Mark Field MP, a junior minister in the Foreigh Office, ejected a female climate change protester, from Greenpeace, who’d invaded the room in the Mansion House in which the Chancellor of the Exchequer, Philip Hammond, was giving a speech. Video here (2:03). Sadly he apologized – big mistake – and was suspended as a minister by Theresa May for… well… ejecting a hostile and potentially life-threatening woman from the room, it would seem.
Mark Field’s actions were wholly justified and proportionate. The woman could have been armed, or otherwise posed a serious threat to people, for all he knew. The five highest-rated comments on the video, on the YouTube channel of The Sun:
Well… a Secretary of State able to do the job of a security agent? He deserves some applause.
Well done sir and a minimum of fuss getting her out.
Uninvited woman being ejected and treated the same as a man. That’s equality for you. 👍👌
Well done Mark, name any TV studio or news paper that wouldn’t have forcefully removed from their building if you didn’t have a security pass and persisted to gate crash an event.
Well done Mr Field, he should be promoted not suspended.
A piece in The Times:
Theresa May has suspended a Tory minister who was filmed manhandling a woman climate change protester.
Downing Street said that the prime minister found the footage “very concerning” and that Mark Field, a junior minister in the Foreign Office, had been asked to step down immediately.
Mr Field, who is a close ally of Jeremy Hunt, was already facing an investigation by the Conservative Party over his strong-arming of a peaceful activist at the annual Bankers and Merchants Dinner.
City of London police said that they had received a “small number of third party reports of an assault taking place at the event” and that they were looking into the matter.
In a statement to ITV, Mr Field said that he had referred himself to the Cabinet Office for investigation, that he “deeply” regretted the incident and that he apologised “unreservedly” to the protester.
“In the confusion many guests understandably felt threatened and when one protester rushed past me towards the top table I instinctively reacted,” he said. “There was no security present and I was for a split-second genuinely worried she might have been armed. As a result I grasped the intruder firmly in order to remove her from the room as swiftly as possible.”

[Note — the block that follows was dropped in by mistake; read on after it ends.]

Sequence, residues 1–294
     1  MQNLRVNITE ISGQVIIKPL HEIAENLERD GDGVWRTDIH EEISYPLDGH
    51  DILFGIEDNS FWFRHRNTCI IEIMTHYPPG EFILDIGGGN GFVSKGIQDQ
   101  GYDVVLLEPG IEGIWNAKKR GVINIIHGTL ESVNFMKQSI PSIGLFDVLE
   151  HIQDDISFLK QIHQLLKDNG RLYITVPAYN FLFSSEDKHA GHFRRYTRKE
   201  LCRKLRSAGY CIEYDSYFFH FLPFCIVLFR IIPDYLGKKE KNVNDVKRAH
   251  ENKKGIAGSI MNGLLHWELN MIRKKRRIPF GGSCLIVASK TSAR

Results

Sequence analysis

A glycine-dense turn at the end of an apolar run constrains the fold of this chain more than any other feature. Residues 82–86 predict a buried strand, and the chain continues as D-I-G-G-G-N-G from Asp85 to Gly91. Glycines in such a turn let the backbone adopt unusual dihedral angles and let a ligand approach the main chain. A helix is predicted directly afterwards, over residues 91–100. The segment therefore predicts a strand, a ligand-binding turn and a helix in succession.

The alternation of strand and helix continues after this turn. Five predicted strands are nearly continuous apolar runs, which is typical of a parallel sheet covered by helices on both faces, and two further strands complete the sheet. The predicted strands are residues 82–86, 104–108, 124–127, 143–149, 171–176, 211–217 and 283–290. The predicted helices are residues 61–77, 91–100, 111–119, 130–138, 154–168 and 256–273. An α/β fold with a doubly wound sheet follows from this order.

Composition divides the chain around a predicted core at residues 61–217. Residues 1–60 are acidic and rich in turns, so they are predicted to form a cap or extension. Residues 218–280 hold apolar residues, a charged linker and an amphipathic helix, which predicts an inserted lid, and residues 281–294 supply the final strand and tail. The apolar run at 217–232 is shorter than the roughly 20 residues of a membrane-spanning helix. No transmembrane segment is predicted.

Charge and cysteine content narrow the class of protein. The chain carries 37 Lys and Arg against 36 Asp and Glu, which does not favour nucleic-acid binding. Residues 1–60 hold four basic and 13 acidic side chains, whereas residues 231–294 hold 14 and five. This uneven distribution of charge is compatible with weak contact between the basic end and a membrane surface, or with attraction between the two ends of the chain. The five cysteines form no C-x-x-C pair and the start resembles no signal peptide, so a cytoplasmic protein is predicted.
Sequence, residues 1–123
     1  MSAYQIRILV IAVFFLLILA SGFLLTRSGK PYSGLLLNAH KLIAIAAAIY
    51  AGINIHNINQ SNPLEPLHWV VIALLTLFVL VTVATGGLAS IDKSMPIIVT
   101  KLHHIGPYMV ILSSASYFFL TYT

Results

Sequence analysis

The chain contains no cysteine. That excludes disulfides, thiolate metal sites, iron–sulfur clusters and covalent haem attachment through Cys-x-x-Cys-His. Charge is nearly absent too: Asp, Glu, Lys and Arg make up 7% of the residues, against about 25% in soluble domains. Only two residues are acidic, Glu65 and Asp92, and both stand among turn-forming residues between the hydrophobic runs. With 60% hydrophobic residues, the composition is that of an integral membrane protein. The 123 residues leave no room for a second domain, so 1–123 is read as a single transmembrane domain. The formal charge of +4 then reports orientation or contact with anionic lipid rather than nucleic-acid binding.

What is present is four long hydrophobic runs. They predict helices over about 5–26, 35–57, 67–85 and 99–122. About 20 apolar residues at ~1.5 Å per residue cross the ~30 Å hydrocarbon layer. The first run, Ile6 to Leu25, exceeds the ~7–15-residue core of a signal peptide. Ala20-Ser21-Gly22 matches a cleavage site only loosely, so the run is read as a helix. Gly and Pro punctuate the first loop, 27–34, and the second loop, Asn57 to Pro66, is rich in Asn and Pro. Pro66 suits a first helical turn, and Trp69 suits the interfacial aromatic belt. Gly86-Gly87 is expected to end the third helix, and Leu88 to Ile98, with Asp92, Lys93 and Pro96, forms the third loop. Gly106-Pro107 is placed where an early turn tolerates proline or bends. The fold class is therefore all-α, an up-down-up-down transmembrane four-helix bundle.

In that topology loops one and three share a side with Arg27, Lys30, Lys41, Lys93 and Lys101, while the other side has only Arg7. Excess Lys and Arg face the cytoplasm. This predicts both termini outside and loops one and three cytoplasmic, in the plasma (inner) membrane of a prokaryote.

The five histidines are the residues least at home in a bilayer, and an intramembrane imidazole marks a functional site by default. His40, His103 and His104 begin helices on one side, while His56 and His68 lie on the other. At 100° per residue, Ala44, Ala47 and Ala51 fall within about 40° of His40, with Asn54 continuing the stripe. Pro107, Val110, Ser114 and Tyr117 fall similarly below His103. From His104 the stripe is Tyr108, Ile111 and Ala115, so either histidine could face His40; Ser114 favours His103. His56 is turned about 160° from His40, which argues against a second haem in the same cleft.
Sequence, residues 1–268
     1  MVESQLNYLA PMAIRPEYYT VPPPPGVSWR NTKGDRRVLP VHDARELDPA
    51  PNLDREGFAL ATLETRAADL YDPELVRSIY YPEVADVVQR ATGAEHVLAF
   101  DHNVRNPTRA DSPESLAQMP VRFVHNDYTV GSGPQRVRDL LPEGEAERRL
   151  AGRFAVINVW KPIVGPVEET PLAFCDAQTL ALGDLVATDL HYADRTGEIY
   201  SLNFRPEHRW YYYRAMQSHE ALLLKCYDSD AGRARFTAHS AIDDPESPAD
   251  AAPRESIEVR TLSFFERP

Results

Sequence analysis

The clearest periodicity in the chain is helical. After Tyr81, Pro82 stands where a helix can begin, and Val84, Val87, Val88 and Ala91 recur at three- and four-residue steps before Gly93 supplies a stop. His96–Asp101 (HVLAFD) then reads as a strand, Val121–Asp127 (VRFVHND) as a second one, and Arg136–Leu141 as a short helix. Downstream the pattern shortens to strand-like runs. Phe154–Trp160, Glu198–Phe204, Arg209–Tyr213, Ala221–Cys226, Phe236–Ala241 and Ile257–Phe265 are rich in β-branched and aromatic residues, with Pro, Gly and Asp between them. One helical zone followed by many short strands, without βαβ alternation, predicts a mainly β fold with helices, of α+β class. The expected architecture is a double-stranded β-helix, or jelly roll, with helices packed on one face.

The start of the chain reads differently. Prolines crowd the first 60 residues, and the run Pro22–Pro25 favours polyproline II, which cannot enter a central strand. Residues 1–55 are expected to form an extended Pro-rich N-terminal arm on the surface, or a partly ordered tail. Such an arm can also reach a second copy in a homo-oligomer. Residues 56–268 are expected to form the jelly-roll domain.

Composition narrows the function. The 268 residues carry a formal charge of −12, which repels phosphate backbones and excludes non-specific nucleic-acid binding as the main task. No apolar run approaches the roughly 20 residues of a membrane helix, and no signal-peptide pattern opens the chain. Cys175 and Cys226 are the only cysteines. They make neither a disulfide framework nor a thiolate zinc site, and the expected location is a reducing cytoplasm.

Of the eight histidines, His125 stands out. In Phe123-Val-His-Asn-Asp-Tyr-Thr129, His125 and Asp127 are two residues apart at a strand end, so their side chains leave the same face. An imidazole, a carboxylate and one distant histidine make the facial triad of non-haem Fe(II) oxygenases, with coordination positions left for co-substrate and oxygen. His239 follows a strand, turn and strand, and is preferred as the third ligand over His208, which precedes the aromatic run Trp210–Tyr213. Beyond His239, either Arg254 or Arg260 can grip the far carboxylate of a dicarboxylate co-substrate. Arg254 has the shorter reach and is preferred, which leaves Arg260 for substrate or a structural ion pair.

Philip Hammond had just begun to speak when the Greenpeace protesters, wearing suffragette-style sashes reading “climate emergency”, surrounded the podium, took the microphone and told the audience that “business as usual is no longer an option”. They were swiftly ushered out and the chancellor carried on with his speech.
Hannah Martin, one of the protesters, told BBC Radio 4’s Today programme that “we were peacefully protesting” and “none of the other guests felt the need to assault anyone”. She condemned Mr Field’s actions as “disproportionate and unacceptable”.
Brandon Lewis, the Conservative Party chairman, said that there would be an investigation into Mr Field’s actions. He told ITV’s Good Morning Britain that he could understand why people would be concerned” but he stressed the need for a full inquiry.
Alistair Burt, an MP who has previously served at the Foreign Office, said: “It looks to be a very difficult situation for everyone concerned.”
Paul Brand, a political correspondent for ITV News, tweeted: “You can see the woman apparently posing no immediate threat as she passes behind Mark Field. He marches her out of the room by her neck. I wasn’t there, so I can’t say she didn’t pose a risk, but it looks heavy handed.”
Sir Peter Bottomley, the Conservative MP, said that Mr Field “deserves to be congratulated” for his actions. “Mark Field did the same as anyone would have done if someone came uninvited into a broadcast studio.”
George Freeman, another Tory MP, tweeted: “This looks appallingly rough handling of a woman climate protester in a dress. But before everyone rushes to instant armchair judgment can I suggest that all of us who weren’t there & don’t know what was said or done just wait a few hours to hear what those who *were* there say.”
However, the Labour MP Jess Phillips tweeted: “She posed no credible threat from what I can see. There is very little else that could justify this and anyone can see that this could have been done without physical contact. [J4MB: How? What a stupid woman.] Every MP has to deal with protest and conflict, it is done with words. To watch this is so so awful.” [J4MB emphasis]
Others pointed out that Mr Field had previously spoken out about supporting Sri Lankan police on combating gender-based violence. Last month he wrote on Twitter after a debate on Women Human Rights Defenders: “The UK remains committed to helping women all over the world to feel safe and protected in the work they do.”
It emerged that in April Mr Field sent a letter to the Metropolitan police demanding “a much firmer grip” on climate change protesters after the Extinction Rebellion protests.
Greenpeace UK said: “We were shocked at the footage of an elected MP and government minister assaulting one of our peaceful protesters at the Mansion House tonight.”
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